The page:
PHNOM PENH, Feb. 11 (Xinhua) -- Cambodia is facing the risk of temporarily losing its non-tariff export privilege to the European market, as the European Union (EU) on Monday started the 18-month process under the Everything But Arms (EBA) trade scheme, according to its statement.
The European Commission, which coordinates trade policy for the 28-member EU, said in the statement that the decision will be published in the EU Official Journal on Feb. 12, kicking off a process that would run until August 2020.
The EU announced in October last year that Cambodia could lose its special trade access to European markets under the EBA preferences, citing concerns over human rights and labor rights issues in the country.
However, EU Commissioner for Trade Cecilia Malmstrom said: "It should be clear that today's move is neither a final decision nor the end of the process. But the clock is now officially ticking and we need to see real action soon."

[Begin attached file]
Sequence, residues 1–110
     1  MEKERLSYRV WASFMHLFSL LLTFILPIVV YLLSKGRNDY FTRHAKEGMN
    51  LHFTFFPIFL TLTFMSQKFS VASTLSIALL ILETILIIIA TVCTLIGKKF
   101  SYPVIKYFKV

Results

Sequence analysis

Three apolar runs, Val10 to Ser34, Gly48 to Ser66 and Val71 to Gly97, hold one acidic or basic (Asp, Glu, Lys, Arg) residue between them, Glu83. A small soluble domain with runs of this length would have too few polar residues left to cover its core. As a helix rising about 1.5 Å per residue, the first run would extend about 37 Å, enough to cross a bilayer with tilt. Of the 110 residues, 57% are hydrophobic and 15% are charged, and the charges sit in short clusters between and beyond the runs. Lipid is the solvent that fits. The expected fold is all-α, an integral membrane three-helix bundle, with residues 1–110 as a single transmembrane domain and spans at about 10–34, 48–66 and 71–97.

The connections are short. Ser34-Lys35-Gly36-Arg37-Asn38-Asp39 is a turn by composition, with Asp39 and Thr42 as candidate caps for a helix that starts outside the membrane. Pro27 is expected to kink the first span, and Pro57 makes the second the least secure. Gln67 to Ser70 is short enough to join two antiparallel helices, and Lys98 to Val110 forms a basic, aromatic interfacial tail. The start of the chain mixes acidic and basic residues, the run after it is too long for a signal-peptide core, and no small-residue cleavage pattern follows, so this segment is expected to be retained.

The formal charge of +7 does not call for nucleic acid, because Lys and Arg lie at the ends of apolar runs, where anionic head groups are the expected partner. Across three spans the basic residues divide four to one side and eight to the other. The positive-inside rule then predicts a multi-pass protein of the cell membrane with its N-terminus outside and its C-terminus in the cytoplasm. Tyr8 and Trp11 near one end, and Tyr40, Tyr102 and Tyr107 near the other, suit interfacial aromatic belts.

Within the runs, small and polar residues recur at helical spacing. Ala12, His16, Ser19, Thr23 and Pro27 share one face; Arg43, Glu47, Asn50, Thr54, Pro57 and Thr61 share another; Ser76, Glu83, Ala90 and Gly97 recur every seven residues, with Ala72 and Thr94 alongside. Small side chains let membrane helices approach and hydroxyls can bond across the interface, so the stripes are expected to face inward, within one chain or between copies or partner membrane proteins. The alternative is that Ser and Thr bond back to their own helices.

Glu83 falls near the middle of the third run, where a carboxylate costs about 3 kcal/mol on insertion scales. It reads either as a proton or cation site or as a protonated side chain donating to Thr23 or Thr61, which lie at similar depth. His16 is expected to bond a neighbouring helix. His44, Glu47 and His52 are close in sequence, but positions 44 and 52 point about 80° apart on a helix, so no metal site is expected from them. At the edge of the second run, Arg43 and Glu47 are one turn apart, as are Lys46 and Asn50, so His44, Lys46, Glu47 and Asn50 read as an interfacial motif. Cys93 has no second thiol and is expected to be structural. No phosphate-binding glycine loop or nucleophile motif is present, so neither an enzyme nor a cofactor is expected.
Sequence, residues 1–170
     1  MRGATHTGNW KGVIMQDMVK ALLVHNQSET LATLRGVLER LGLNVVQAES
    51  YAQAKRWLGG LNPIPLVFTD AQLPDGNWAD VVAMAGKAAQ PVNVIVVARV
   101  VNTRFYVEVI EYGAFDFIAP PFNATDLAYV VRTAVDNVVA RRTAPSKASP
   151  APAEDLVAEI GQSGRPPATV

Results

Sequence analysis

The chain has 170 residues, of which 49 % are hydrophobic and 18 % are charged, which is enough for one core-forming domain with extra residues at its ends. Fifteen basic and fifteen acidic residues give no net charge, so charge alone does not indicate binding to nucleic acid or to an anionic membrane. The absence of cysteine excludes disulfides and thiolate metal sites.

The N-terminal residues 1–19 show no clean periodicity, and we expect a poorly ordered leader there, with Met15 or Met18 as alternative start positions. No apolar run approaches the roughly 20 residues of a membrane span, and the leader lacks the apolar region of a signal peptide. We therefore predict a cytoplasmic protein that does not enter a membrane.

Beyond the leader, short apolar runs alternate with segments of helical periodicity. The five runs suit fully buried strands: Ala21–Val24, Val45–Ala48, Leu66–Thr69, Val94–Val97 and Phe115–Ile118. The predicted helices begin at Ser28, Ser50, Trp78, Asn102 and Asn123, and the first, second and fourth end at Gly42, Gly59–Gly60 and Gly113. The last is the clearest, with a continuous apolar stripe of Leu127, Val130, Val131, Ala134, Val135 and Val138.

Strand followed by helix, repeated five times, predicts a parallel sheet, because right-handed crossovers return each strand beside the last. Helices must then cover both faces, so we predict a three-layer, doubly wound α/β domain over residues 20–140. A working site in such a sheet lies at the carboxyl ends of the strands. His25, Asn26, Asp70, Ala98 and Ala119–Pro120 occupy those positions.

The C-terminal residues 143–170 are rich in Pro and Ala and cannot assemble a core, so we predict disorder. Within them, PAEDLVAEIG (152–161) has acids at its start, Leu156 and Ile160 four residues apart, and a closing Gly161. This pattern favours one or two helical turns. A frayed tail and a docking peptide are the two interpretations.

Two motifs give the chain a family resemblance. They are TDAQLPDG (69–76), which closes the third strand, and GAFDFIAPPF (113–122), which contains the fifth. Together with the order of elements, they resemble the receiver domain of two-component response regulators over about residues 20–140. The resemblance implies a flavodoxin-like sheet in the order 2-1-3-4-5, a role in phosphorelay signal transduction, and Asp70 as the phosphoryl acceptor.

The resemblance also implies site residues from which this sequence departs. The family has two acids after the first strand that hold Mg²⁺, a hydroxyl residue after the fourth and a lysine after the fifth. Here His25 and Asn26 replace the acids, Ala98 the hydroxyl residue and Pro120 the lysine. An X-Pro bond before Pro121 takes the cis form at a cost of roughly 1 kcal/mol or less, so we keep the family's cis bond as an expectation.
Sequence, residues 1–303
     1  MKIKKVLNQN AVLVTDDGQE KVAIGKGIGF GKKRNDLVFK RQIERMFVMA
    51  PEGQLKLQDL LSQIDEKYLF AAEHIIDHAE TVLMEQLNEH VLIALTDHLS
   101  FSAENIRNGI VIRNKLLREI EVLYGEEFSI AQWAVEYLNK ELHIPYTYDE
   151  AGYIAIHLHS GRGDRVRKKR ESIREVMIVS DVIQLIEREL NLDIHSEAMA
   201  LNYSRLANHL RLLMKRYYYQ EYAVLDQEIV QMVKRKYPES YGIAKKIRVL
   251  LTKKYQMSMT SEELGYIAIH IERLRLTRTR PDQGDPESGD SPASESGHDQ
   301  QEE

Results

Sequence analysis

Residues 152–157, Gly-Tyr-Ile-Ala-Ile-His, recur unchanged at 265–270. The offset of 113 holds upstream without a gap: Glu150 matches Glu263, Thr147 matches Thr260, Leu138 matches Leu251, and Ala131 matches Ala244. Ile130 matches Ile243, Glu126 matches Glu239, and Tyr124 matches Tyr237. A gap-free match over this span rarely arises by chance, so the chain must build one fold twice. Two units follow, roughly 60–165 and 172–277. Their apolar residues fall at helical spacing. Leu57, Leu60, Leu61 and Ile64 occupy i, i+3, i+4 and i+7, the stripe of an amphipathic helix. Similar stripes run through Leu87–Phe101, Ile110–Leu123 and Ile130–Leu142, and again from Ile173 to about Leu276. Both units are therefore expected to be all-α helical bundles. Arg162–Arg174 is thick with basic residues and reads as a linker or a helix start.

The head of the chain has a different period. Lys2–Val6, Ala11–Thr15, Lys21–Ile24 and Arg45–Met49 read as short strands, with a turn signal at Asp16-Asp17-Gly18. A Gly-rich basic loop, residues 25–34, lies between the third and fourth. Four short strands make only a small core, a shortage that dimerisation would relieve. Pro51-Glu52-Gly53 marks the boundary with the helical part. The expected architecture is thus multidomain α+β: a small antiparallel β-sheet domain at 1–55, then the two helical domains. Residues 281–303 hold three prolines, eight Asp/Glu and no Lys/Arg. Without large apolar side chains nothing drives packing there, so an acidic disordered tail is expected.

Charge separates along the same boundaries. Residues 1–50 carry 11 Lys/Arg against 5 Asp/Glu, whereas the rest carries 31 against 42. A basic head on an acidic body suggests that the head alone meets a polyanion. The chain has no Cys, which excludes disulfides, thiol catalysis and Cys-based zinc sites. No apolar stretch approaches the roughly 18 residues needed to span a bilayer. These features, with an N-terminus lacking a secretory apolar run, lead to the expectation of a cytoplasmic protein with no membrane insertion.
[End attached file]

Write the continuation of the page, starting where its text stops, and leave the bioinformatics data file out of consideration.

"Our engagement with the situation in Cambodia has led us to conclude that there are severe deficiencies when it comes to human rights and labour rights in Cambodia that the government needs to tackle if it wants to keep its country's privileged access to our market," she said.
The process consists of a six-month period of intensive monitoring and engagement with the Cambodian authorities, followed by another three-month period for the EU to produce a report based on the findings, the statement said.
After a total of twelve months, the Commission will conclude the procedure with a final decision on whether or not to withdraw tariff preferences, it said, adding that any withdrawal would come into effect after a further six-month period.
The EU is a major trading partner of Cambodia, especially for textiles and footwear sector. As a Least Developed Country, Cambodia has enjoyed exports of all products, except arms and ammunition, to European markets with duty-free for decades.
According to the EU's data, Cambodia exported products to the bloc worth of 4.9 billion euros in 2018.
Ken Loo, secretary general of the Garment Manufacturers Association in Cambodia, said in a statement in October last year that over 46 percent of Cambodia's total exports of apparel and footwear were to the EU.
He said the garment and footwear sector employed around 700,000 workers and another two million out of the kingdom's total population of 16 million also economically depended on the sector.
"A temporary suspension of the EBA or any short-term unilateral sanctions may have long-term negative impacts on the lives of our workers and their families," he said.